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C# Cookbook by Jay Hilyard, Stephen Teilhet

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2.3. Controlling Case Sensitivity when Comparing Two Characters

Problem

You need to compare two characters for equality, but you need the flexibility of performing a case-sensitive or case-insensitive comparison.

Solution

Use the Equals instance method on the char structure to compare the two characters:

public static bool IsCharEqual(char firstChar, char secondChar)
{
    return (IsCharEqual(firstChar, secondChar, false));
}

public static bool IsCharEqual(char firstChar, char secondChar, 
                               bool caseSensitiveCompare)
{
    if (caseSensitiveCompare)
    {
        return (firstChar.Equals(secondChar));
    }
    else
    {
        return (char.ToUpper(firstChar).Equals(char.ToUpper(secondChar)));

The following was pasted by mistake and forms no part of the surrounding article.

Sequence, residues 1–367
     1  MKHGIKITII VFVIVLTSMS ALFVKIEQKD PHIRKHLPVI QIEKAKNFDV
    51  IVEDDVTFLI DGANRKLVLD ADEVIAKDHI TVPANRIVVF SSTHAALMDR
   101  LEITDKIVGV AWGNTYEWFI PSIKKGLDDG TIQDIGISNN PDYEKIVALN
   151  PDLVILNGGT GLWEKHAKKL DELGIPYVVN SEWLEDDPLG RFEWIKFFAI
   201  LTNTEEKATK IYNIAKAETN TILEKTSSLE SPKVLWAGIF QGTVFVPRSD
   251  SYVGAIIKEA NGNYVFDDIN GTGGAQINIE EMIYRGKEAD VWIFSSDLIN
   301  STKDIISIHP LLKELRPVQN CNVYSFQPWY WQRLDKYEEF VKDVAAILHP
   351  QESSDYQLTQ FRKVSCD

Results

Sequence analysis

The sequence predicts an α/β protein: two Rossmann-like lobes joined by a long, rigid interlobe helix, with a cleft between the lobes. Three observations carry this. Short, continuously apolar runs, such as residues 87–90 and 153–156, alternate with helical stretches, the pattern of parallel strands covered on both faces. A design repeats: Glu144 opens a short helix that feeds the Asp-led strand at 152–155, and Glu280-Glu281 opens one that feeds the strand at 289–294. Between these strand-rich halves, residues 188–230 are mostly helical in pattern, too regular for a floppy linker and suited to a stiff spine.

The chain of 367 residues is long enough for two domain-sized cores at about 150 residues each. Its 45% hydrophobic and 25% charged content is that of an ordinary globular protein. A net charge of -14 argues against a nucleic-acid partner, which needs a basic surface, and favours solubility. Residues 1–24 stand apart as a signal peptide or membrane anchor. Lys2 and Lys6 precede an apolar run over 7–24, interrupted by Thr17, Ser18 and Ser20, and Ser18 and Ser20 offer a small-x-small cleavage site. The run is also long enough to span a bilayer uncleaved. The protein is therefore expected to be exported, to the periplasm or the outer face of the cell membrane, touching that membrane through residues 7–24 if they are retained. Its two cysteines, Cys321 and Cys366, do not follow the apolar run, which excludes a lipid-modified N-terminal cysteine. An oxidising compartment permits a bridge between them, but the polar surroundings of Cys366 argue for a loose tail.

}
}

The first overloaded IsCharEqual method takes only two parameters: the characters to be compared. This method then calls the second IsCharEqual method with three parameters. The third parameter on this method call defaults to false so that when this method is called, you do not have to pass in a value for the caseSensitiveCompare parameter—it will automatically default to false.

Discussion

Using the ToUpper method in conjunction with the Equals method on the string class allows us to choose whether to take into account the case of the strings when comparing them. To perform a case-sensitive comparison of two char variables, simply use the Equals method, which, by default, performs a case-sensitive comparison. Performing a case-insensitive comparison requires that both characters be converted to their uppercase values (they could ...

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